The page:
Another Victory for Democracy: Date Set for Portugal’s Abortion Referendum

Andrea Lynch

It's official: on February 11, 2007, Portuguese citizens will vote on whether or not to make abortion legal without restriction within the first 10 weeks of pregnancy. Portugal is one of the few countries in Europe where abortion is illegal under most circumstances; currently, the procedure is legally available only in cases where a pregnant woman's life is at risk, or during the first 12 weeks of pregnancy in cases of rape or fetal malformation. Despite the restrictive laws, tens of thousands of Portuguese women seek illegal, unsafe abortions every year, and pro-choice organizations estimate that some 10,000 of them wind up in the hospital with complications. Worse, women who seek unsafe abortions face harsh prison sentences, and are subjected to the additional trauma of having their sentence read out loud during public and often televised trials. Inter Press Service has an excellent analysis of the current situation here.

It's official: on February 11, 2007, Portuguese citizens will vote on whether or not to make abortion legal without restriction within the first 10 weeks of pregnancy. Portugal is one of the few countries in Europe where abortion is illegal under most circumstances; currently, the procedure is legally available only in cases where a pregnant woman's life is at risk, or during the first 12 weeks of pregnancy in cases of rape or fetal malformation. Despite the restrictive laws, tens of thousands of Portuguese women seek illegal, unsafe abortions every year, and pro-choice organizations estimate that some 10,000 of them wind up in the hospital with complications. Worse, women who seek unsafe abortions face harsh prison sentences, and are subjected to the additional trauma of having their sentence read out loud during public and often televised trials. Inter Press Service has an excellent analysis of the current situation here.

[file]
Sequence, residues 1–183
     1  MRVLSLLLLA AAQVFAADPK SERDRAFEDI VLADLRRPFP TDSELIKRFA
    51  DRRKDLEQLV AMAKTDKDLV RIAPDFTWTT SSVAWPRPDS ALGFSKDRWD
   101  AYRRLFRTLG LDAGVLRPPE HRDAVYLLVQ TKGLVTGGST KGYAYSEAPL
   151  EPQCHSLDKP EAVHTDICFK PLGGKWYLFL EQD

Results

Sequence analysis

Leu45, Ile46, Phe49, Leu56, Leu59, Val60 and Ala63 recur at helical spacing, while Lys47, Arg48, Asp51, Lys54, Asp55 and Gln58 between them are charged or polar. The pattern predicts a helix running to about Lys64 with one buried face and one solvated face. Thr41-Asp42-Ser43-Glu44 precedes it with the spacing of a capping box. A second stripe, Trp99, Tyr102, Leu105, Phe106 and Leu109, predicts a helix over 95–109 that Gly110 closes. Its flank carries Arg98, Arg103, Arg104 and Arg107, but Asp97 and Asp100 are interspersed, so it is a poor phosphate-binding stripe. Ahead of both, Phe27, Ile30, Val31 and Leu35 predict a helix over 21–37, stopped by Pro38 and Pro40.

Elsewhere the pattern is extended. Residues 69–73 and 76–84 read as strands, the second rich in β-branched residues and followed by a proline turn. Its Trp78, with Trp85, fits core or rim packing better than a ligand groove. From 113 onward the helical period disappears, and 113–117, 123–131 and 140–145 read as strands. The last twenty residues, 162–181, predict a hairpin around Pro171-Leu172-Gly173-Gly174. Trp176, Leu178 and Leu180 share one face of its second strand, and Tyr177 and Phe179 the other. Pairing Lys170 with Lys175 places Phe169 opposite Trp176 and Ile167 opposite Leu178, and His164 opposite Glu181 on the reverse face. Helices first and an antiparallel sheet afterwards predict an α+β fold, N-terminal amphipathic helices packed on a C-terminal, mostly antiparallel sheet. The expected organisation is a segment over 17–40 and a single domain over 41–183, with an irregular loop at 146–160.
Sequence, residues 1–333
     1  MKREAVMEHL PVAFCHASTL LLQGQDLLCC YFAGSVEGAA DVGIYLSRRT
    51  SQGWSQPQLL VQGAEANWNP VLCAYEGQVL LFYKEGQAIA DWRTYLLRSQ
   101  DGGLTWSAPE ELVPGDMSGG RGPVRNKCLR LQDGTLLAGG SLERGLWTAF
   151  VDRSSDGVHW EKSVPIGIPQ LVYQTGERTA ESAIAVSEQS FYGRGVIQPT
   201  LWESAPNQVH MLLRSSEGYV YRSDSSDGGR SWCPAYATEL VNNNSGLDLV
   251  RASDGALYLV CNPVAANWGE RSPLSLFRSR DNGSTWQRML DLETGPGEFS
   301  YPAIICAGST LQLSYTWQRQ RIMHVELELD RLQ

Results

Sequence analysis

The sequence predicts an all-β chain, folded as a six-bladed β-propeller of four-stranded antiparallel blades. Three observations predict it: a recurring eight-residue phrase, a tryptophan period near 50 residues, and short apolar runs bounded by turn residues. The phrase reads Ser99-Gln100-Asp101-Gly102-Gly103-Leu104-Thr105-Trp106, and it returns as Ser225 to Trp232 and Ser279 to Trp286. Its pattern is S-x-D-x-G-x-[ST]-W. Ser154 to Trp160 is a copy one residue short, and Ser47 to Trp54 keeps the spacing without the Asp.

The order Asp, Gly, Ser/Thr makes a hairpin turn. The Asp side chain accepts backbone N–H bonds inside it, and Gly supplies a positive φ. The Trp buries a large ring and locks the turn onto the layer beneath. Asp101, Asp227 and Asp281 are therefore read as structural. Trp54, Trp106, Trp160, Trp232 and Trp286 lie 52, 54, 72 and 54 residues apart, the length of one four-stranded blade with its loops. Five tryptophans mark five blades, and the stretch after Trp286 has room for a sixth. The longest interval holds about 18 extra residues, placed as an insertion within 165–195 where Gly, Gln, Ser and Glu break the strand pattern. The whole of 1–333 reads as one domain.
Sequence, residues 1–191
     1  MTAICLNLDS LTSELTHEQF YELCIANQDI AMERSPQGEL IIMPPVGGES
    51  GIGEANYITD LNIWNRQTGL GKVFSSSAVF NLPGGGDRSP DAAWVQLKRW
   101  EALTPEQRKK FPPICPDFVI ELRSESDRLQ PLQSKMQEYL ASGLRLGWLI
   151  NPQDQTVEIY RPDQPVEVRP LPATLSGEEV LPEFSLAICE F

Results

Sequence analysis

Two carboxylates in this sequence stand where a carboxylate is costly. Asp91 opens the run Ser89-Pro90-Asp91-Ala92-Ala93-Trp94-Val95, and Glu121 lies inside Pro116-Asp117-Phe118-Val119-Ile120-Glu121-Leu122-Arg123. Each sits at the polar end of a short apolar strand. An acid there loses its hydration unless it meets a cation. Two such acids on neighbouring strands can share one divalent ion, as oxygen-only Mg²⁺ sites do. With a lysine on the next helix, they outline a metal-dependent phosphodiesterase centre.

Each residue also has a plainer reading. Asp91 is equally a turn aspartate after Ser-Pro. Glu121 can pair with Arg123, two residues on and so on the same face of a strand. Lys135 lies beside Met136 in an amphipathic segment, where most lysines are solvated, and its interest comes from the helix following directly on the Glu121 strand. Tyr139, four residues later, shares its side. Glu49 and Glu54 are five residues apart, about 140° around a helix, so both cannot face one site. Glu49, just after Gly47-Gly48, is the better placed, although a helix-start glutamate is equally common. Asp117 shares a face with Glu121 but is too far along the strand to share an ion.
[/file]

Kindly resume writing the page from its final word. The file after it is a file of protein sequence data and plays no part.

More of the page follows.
The referendum, approved in October by the Portuguese parliament, has received backing from Prime Minister Jose Sócrates and President Aníbal Cavaco e Silva. Sócrates has called Portugal's unsafe abortion epidemic "a sign of a backward country," arguing that the referendum "is aimed at putting an end to the persecution of women." On agreeing to the referendum last week, Cavaco e Silva stated, "The fact that [unsafe abortion] is a problem that continues to foster a live debate in Portuguese society…is reason enough to call on citizens to express their opinion with their vote."

How refreshing it is that at least some politicians worldwide still have the moral courage to describe women's access to safe abortion as a matter of democratic urgency. It's a far cry from the parade of abortion-inspired moral cowardice currently passing for democracy in the Western Hemisphere – from Chile, where the congress recently voted to reject debate on a measure that would have legalized therapeutic abortion up to 12 weeks, to Nicaragua, where the National Assembly just banned therapeutic abortion in a pre-election scramble clearly intended to curry favor with the Catholic Church, to the United States, where a lame duck House, backed by a spineless Senate, will vote today on the loathsome Unborn Child Pain Awareness Act, another purely political concoction that will accomplish little more than further fueling the culture wars. Since when did standing up for women's right to life, health, and dignity become political suicide?

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Australia’s Foreign Aid Funding For Abortion

Ramona Vijeyarasa

The Australian Government recently made a monumental decision to resume the use of its foreign aid funding for the provision of abortion services and information.

The Australian Government recently
made a monumental decision to resume the use of its foreign aid funding
for the provision of abortion services and information. Six months of parliamentary debate, which
many activists, including myself, followed closely, culminated in this
decision to reverse the 12-year long ban. Some have attributed the reform
to Prime Minister Kevin Rudd. Since his election to office in 2007,
Rudd has introduced a host of positive changes for the country and world,
including signing the Kyoto Protocol less than one month after being
sworn into office, making a formal apology to the "stolen generations"
in February 2008, and proposing greater recognition of LGBT rights in
Australia by announcing reforms to the legal recognition of same-sex
relations.  

However, the decision to overturn
the ban, imposed in 1996 by the previous conservative government, in
fact challenges the personal
beliefs
of Prime
Minister Rudd. Rudd said he had "long-standing conservative views"
on the issue and did not support the change. Rather, after extensive
consultation with parliamentary colleagues, Foreign
Minister Stephen Smith

made the decision to lift the ban: "I was left with the very distinct
impression that the substantial, if not the overwhelming majority of
the parliamentary members of the Labor Party believed that this was
also the correct outcome."  

Sarah
Hanson-Young, an Australian senator from the Australian Greens
, who was the youngest Australian woman